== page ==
Eli Lehrer, How Dare You.

He had to go there. So did I.

Dear Eli,

I believe in indulgence. I believe in art. I believe in food as art. I believe our nation’s capital is worthy of such culinary adventures as molecular gastronomy. And, Eli, I believe you are full of crap. Not even totally sure you have all your facts straight on this one.

Instead of attacking those chefs who have travelled from afar (internationally even) to help our city blossom into a national food destination, why don’t you leave your rants for that annoying line in morning at the McDonald’s drive-thru. Lemme guess, a sausage McMuffin?

Also, a word for the wise: If your butt hurts after two hours of sitting in a chair, I can’t only imagine your writing is suffering these days. My advice, sit longer.

Love, BNC

Read bullshit here

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2 Responses to Eli Lehrer, How Dare You.

  1. Mat Morrison says:

    Don’t know that I agree – but to be honest, I’m not on the ground there in D.C., so not sure how much my comments are worth.

    I was interested/amused/intrigued by the molecular gastronomy movement for a while back in the mid-noughties.

    I liked the way that they co-opted industrial food-making processes, and brought those back into fine dining.

    I liked the way that they stripped meals back to pure flavours, rather than masking cheap ingredients. I liked their attempt to link food & nostalgia. Very Proustian.

    I liked the way they tried to throw off years of old wives’ tales about how to cook, and really looked at their techniques.

    And I liked the humour and showmanship with which they did all of this. A meal at (say) the Fat Duck was like a cabaret. It was fine cooking as fun; a night out.

    But I have the sense now that it has made its contribution to food culture. Even the hardcore molecular gastronomists like Blumenthal (and indeed McGee to a great extent) are distancing themselves from the novelty-for-novelty’s sake stuff that’s happening out there now.

    I fear that — just as the second and third generations of Nouvelle Cuisinists lost that sense of rebellion against the haute cuisinists; becoming the new establishment so neatly parodied at the beginning of “American Psycho” — so the new generation of soi-disant molecular gastronomists have lost the humour and sense of fun that characterised the first generation.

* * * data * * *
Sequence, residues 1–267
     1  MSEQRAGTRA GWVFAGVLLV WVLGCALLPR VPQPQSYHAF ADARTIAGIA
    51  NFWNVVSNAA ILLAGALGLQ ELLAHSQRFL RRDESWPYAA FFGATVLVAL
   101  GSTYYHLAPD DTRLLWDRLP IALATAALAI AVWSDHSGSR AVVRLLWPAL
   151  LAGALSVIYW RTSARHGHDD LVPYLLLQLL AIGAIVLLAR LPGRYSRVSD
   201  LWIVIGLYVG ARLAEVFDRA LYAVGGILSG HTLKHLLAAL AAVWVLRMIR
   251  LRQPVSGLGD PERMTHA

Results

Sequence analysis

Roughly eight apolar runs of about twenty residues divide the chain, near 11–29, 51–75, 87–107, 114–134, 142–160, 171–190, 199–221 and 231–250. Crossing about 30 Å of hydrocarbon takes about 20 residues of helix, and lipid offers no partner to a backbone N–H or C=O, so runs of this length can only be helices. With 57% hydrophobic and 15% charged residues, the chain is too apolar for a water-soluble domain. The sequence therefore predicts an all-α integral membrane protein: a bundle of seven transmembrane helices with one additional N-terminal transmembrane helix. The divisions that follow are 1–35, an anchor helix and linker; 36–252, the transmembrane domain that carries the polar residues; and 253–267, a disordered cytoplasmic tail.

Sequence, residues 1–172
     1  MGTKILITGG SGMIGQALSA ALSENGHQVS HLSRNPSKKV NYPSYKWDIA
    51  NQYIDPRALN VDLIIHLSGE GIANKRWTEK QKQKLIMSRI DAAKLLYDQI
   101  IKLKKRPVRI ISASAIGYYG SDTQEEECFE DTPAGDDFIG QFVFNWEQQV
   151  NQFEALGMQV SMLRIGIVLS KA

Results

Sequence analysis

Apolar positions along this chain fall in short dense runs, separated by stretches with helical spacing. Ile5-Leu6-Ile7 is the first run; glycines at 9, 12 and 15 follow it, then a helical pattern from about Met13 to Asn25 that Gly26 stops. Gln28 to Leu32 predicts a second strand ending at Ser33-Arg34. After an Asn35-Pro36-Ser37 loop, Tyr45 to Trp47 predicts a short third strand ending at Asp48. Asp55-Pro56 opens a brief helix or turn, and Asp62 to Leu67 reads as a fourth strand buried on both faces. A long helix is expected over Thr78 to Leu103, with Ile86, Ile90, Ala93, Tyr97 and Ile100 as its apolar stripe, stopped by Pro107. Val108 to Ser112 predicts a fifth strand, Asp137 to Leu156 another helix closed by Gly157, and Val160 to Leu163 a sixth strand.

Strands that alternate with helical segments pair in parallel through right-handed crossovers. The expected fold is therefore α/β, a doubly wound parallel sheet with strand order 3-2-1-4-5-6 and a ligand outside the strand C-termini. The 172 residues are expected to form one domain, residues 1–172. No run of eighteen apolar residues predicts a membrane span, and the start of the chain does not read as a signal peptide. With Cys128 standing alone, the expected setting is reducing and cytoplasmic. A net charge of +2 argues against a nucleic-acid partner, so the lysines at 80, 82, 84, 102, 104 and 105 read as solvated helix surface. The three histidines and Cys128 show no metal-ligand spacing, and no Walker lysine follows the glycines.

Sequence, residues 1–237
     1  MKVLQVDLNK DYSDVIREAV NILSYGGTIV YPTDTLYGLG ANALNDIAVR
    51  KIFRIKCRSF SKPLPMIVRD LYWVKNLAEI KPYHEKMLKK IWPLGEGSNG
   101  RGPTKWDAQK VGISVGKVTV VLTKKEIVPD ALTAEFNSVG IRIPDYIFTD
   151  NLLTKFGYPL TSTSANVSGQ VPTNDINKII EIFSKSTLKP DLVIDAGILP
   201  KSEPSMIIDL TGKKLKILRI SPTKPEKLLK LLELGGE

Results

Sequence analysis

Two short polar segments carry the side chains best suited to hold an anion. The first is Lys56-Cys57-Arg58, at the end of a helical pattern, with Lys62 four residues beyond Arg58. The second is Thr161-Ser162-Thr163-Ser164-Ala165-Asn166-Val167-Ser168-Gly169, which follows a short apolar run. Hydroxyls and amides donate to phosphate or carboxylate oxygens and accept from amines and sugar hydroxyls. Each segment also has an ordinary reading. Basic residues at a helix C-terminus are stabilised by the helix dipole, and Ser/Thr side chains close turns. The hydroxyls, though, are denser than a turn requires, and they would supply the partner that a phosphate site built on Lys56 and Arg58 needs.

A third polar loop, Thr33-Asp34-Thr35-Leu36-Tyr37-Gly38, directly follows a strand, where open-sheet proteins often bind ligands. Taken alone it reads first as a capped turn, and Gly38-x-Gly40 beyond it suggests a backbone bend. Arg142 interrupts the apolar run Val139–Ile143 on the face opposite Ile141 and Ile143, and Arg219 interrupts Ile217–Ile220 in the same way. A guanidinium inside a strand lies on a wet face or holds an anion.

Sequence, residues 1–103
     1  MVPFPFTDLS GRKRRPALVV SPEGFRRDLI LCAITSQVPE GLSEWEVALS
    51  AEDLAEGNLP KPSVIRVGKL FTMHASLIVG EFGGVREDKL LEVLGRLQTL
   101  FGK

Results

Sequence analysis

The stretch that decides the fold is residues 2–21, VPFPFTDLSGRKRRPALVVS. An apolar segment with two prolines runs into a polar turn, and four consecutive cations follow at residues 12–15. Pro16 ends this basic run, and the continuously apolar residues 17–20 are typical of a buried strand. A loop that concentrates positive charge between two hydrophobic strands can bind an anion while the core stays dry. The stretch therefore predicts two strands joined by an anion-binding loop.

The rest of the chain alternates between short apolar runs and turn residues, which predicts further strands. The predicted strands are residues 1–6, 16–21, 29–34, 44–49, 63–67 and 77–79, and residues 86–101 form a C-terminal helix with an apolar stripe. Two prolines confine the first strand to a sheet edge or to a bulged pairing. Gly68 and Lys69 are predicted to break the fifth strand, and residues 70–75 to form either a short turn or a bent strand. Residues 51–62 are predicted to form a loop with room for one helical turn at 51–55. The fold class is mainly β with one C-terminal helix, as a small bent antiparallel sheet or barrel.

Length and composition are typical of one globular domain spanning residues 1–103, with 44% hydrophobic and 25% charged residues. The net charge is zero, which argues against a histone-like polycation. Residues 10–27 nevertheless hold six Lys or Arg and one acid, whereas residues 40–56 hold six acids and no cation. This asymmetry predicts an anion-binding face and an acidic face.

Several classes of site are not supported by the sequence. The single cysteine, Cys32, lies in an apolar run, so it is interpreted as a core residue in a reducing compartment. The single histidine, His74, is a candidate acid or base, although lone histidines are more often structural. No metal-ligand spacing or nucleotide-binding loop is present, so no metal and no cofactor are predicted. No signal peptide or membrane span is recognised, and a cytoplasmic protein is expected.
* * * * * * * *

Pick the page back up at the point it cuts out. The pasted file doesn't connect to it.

It’s hard to be fond of a foam in 2011.

    Just my $0.02.

    • Ariell says:

      Great response, Matt. Thank you!

      You make very strong points on the topic of culinary trends fading in and out. To even further your point, Ferran AdriĆ  of elBulli temporarily closed his doors in Roses, Catalonia, Spain. (And, just think, elBulli is currently voted number 1 restaurant in the world.) It is rumored to be financial problems, seeing as he is now on the tour.

      I agree, culinary trends will ebb and flow, but to say that restaurants such as these are the downfall of D.C. dining is just bullocks. And even mentioning McDonald’s in the same sentence as Jose Andres is just poor taste.

      D.C. is blossoming as a food town at an incredible rate. Believe me, people here are ready for it! While we might be a little late housing “overall experience” restaurants such as Rogue24 and VOLT, these places are essential in the effort to put D.C. on the culinary map.

      While I feel Eli succeeded in starting a conversation with his article, I do not feel he merits a platform such as Huff Post to do so.

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